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It Takes A Village

by added on 27 January 2016, Comments Off on It Takes A Village , posted in Blog

By: Timi Cecka, Pre-Toddler Coordinator

It wasn’t until the birth of my daughter that I realized the importance of the term, “it takes a village.” At first I tried to do and be everything my daughter needed. I struggled to make sense of the dramatic change that occurred in my life and I was eager to find something or someone to connect with.  I had attended some classes at the hospital to prepare for birth and basic care of an infant, but it didn’t scratch the surface of meeting all her developmental, social and emotional needs as she continued to grow.  As my daughter (and family) have grown, I’ve continued to struggle with finding the sense of community that I feel is so important. I frequently ask myself the questions: Who are the people I look to for support? Who are the adults investing in my children’s lives?

Living in a metropolitan area, I find my family in a position that I think is quite common.  Families are drawn here by job opportunities and many times relocate without a network of extended family to back them up. Neighbors and friends often fill the gap and become that extended family.  I’m somewhat fortunate in that my family and my husband’s family both live in Central Washington – only a couple of hours away.  That means we can visit with them casually multiple times a year.  On the other hand, I sorely miss having daily access to them like I did with my grandparents when I was growing up.  I miss the deeper relationships my children could build with them, and I (somewhat selfishly) miss the breaks I would have if the kids were spending more time with them.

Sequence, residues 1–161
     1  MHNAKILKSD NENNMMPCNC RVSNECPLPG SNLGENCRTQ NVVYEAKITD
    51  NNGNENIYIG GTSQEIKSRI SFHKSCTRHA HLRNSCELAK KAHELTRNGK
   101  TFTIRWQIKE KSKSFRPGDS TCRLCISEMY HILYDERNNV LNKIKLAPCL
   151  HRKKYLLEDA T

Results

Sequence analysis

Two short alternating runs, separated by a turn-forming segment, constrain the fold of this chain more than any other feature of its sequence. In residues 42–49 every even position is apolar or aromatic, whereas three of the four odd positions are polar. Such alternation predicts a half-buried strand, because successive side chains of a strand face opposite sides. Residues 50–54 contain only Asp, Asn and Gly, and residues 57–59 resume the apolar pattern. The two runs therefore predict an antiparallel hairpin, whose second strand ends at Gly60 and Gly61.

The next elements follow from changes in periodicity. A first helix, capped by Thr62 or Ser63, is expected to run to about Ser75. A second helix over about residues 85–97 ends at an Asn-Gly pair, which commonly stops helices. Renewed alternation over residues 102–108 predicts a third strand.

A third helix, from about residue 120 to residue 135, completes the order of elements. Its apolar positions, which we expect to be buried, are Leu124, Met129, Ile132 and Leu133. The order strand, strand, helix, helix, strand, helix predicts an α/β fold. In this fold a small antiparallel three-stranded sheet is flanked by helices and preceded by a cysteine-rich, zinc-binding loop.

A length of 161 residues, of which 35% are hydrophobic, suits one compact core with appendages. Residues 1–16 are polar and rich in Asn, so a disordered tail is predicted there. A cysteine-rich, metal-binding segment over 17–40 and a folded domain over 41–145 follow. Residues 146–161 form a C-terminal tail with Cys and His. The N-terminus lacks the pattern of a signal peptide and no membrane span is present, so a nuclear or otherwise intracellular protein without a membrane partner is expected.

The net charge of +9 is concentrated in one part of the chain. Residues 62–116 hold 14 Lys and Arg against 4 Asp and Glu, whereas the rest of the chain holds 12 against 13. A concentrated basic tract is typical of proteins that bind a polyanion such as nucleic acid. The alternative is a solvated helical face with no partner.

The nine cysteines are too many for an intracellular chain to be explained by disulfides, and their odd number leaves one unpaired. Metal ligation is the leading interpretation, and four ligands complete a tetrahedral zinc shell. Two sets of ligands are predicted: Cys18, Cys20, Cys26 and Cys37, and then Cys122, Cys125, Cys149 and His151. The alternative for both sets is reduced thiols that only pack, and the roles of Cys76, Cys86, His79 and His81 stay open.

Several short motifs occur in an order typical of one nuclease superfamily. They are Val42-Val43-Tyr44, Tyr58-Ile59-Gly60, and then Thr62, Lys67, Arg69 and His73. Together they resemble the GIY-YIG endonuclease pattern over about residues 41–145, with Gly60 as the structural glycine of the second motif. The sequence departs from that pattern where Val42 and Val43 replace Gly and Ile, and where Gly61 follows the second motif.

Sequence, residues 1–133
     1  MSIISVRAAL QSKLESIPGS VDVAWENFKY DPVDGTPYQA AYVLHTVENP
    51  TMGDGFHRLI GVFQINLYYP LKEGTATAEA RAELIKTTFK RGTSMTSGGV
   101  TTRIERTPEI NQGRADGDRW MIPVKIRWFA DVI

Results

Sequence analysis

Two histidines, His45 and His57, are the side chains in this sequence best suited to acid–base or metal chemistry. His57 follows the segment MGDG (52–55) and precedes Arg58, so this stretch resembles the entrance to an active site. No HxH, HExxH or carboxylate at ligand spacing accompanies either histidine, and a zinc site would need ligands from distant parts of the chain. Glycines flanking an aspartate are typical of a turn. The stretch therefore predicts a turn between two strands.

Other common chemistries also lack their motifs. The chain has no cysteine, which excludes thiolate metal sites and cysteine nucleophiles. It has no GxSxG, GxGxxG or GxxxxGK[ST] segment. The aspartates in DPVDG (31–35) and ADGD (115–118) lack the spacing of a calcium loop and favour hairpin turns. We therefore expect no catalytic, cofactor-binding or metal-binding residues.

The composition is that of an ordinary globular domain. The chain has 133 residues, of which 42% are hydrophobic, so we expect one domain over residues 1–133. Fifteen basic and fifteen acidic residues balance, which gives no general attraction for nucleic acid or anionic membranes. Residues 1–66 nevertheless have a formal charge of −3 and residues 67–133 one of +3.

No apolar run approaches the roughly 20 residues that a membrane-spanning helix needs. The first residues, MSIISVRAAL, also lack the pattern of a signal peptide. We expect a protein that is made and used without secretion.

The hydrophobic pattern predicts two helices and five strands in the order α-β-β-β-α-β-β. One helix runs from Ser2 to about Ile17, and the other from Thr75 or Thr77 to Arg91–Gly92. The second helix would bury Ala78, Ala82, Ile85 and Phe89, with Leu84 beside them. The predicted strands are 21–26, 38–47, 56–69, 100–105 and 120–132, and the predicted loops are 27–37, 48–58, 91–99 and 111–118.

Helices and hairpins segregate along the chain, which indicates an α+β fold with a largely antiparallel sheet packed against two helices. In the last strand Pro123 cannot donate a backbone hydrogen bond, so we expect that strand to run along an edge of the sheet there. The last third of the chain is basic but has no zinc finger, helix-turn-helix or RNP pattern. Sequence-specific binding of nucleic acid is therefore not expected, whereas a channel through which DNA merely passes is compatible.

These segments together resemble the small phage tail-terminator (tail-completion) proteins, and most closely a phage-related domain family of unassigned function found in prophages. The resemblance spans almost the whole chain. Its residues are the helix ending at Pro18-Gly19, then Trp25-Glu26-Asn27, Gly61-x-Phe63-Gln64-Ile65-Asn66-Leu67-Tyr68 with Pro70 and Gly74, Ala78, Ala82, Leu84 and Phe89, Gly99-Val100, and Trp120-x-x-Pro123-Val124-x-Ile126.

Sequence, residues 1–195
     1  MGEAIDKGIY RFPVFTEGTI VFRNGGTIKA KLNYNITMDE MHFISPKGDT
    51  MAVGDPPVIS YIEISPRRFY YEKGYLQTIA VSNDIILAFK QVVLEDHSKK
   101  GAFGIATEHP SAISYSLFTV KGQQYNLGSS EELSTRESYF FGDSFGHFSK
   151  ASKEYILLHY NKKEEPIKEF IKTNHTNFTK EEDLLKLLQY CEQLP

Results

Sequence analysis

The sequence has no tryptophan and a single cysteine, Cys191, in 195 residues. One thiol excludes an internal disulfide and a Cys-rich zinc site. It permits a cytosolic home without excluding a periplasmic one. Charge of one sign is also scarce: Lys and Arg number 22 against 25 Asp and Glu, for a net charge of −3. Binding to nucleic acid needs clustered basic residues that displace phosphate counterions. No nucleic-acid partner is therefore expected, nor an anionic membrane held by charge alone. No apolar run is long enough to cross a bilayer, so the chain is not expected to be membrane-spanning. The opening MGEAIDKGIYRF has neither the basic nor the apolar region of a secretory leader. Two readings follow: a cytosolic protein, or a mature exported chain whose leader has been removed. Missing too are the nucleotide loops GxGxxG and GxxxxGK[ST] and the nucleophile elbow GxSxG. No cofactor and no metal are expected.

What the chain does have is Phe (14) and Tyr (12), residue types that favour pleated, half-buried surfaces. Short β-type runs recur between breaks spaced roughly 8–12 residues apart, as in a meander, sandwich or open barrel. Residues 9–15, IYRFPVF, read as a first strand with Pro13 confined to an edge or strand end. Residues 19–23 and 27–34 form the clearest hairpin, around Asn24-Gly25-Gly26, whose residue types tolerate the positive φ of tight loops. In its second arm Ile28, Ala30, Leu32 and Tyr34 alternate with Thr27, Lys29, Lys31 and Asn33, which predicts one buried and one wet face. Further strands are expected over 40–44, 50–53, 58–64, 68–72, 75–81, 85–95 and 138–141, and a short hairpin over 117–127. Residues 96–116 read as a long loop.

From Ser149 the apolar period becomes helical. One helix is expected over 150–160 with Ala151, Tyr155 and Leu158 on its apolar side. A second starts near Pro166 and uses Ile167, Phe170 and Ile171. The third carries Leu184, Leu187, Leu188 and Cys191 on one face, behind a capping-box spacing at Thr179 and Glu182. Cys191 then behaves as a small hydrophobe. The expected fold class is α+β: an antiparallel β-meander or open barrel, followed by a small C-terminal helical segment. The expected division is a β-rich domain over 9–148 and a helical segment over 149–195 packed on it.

My family is involved in many different activities and groups and I continue to seek opportunities to connect with people. I’ve personally found there is little overlap between these groups and activities. Our neighbors are a different group from the people I see in my daughter’s preschool class. The people I see in her swim lessons are a completely different group from those we encounter at gymnastics. Each activity has the potential to build community, and yet sometimes the combination feels fragmented. I’ve found that our preschool friends and our neighbors, essentially those we spend the most time with, are the ones we are most connected with, while no single community fills all the gaps. I am hopeful that as my children grow older and their schooling and activities converge, our community will become more well defined.

All this underscores the importance of groups or organizations that are striving to foster and build community in spite of the challenges. Organizations like Woodinville Family Preschool and PEPS have recognized the need to support families with both specific resources and skills, and with an environment that encourages families to build communities together. While it would be wonderful to have my extended family living down the street in a small town where everyone knows everyone else, I am grateful to have WFP and the wonderful families I have gotten to know to fill in as my surrogate family and community.